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Stumped on Character

This morning I was  interviewed by a newspaper reporter. This is only the second time I’ve ever been interviewed for being a writer and the first time I’ve ever been interviewed in person. All of my previous  interviews (most of which were for  my game or software projects) were via e-mail.

I was a little nervous, but Brittni (the interviewer) was very gracious and helpful, and things seemed to be going well. Then she asked me a question that completely stumped me: “How would you describe your main character?”

There is no reason in the world why any writer should ever be stumped by the question of describing his main character. Part of the stumping was nerves, of course, but a bigger part was me not having an easy answer.

You see, for me, Al (the main character of Dragon Run) is not a collection of adjectives. He’s more like a real person to me, someone who I know extremely well.

When I’m writing, I’m not consulting a list of adjectives. The process is not “he’s smart, so he’ll do this” or “he’s easily embarrassed, so he’ll feel this.” It’s more a question of simply knowing him so well that I know his responses.

If you were to ask me what my wife would do in any given situation, I would  respond in the same way. It wouldn’t be an intellectual analysis, but simply an understanding.

This is a weird thing for me to realize. I tend to think my way through problems, and the idea that I’m writing based on something other than a methodical sort of thinking is a bit unsettling.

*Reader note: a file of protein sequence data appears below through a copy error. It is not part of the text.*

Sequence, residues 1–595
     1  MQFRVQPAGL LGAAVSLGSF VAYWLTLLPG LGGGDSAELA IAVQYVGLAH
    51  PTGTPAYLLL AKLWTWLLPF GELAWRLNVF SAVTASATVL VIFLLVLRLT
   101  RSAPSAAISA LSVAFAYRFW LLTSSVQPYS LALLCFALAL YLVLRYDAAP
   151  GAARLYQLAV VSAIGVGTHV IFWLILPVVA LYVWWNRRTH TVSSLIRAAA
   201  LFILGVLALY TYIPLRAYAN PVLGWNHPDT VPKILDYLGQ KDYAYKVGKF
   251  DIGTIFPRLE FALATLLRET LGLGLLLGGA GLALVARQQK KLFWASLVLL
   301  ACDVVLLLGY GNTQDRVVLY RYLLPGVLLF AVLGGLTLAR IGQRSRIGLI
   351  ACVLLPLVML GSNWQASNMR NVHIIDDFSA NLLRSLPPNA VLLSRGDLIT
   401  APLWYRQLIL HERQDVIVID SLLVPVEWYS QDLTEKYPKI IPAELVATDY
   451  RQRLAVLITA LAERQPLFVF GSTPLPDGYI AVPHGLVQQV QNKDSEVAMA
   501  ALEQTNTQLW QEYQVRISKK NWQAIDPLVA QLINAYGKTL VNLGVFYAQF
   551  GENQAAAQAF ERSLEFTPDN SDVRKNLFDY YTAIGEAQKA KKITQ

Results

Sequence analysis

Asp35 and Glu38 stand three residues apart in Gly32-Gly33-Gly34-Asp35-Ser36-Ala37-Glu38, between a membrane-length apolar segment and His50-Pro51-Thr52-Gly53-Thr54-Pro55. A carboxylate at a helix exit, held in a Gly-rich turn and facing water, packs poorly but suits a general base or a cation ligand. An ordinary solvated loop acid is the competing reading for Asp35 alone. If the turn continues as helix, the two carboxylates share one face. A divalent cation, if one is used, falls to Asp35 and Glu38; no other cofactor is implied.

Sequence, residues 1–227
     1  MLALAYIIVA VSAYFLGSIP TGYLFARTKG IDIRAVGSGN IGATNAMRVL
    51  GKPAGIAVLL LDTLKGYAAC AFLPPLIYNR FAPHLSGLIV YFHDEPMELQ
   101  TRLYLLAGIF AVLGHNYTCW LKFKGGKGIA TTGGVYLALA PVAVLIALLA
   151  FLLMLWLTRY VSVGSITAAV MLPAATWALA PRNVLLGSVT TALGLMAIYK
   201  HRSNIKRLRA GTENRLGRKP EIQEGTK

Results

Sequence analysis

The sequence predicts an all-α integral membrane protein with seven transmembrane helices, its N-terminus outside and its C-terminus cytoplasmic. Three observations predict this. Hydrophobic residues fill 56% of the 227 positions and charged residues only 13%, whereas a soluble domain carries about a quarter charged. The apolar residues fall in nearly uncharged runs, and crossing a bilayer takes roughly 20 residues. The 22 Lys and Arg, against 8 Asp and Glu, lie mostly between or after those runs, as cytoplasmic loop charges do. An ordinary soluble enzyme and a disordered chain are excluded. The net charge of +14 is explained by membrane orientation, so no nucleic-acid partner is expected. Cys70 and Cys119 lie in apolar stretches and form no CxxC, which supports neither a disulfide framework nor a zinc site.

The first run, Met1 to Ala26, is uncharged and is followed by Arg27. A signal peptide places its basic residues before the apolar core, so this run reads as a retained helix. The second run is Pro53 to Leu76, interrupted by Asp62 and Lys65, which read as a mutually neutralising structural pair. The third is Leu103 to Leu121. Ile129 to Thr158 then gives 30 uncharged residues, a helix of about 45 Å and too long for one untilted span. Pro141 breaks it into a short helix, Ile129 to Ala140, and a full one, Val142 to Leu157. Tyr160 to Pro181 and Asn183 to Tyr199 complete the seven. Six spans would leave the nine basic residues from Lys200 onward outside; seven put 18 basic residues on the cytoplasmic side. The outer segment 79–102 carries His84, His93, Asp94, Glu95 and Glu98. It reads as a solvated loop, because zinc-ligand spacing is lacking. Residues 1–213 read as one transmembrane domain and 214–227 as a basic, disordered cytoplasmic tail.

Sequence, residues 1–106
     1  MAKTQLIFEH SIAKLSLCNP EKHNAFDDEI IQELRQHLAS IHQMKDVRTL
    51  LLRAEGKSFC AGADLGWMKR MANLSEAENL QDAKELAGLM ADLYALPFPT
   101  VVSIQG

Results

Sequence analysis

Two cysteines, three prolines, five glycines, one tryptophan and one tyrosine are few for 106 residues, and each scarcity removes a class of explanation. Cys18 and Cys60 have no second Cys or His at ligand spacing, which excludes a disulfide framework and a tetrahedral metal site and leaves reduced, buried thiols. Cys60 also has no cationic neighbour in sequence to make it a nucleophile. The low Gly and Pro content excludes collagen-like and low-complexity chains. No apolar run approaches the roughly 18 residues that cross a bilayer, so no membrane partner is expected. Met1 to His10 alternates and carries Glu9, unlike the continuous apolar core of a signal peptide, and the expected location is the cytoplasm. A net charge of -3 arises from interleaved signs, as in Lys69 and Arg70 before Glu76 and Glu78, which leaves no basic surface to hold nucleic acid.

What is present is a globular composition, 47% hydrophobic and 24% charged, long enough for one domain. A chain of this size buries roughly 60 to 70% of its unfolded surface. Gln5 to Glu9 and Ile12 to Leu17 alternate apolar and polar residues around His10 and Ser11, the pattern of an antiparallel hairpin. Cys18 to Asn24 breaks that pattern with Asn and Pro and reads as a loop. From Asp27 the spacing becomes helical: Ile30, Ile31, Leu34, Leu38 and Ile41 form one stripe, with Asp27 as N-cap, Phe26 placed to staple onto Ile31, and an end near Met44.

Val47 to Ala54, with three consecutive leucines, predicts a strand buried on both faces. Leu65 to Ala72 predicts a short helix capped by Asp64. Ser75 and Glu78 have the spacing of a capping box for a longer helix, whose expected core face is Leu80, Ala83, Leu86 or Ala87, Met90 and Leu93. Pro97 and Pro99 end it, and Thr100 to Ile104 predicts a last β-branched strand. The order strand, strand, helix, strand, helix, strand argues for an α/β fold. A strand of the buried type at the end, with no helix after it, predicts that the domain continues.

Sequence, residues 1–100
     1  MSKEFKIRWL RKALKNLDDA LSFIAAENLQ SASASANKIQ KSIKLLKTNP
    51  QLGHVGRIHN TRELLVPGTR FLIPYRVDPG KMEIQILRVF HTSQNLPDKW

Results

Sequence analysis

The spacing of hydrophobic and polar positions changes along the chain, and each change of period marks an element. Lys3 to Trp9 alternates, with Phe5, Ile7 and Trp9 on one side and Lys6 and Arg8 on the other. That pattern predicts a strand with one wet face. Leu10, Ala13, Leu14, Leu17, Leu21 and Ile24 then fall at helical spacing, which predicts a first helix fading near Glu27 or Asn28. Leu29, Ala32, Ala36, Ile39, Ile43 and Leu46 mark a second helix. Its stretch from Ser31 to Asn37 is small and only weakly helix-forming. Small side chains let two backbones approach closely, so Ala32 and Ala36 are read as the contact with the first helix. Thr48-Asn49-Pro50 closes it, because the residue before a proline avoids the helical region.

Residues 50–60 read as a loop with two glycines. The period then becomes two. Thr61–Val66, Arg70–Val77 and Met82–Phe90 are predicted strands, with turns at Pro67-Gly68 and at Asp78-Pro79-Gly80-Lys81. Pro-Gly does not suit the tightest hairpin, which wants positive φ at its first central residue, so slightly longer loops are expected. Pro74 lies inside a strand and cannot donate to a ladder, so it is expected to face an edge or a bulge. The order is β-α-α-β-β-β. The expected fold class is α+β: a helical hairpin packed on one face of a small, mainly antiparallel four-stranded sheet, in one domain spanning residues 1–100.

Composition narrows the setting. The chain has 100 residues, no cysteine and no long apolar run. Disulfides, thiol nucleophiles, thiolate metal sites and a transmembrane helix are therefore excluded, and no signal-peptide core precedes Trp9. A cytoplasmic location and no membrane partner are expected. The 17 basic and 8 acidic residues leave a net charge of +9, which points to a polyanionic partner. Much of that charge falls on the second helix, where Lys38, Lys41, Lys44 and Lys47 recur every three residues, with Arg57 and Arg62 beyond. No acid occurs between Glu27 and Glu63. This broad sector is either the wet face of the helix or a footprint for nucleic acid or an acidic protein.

I think it’s also good.

If I were to write down a list of adjectives for Al at the start of Dragon Run, they would include things like naive, honest, trusting, kind, confident, and optimistic. Starting around Chapter 2 or 3, I’d have to throw in desperate, scared, and uncertain. At the end of the book, they would include things like determined and brave and even self-sacrificing.

You see the problem? The list changes – so much so that I think having a list would give me problems. I’d have to have things like “before page 50, this adjective applies” and even that  would be doing a disservice. What words work as a transition between desperate and determined? I don’t know.

So… I think that my approach may actually work for me. I know my main character so well that a list of adjectives is limiting rather than helpful, and I think that’s a good thing.

Of course, none of that helps me answer questions  about my main character… I’ll have to keep thinking about that one.

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Posted April 24, 2013 in Writing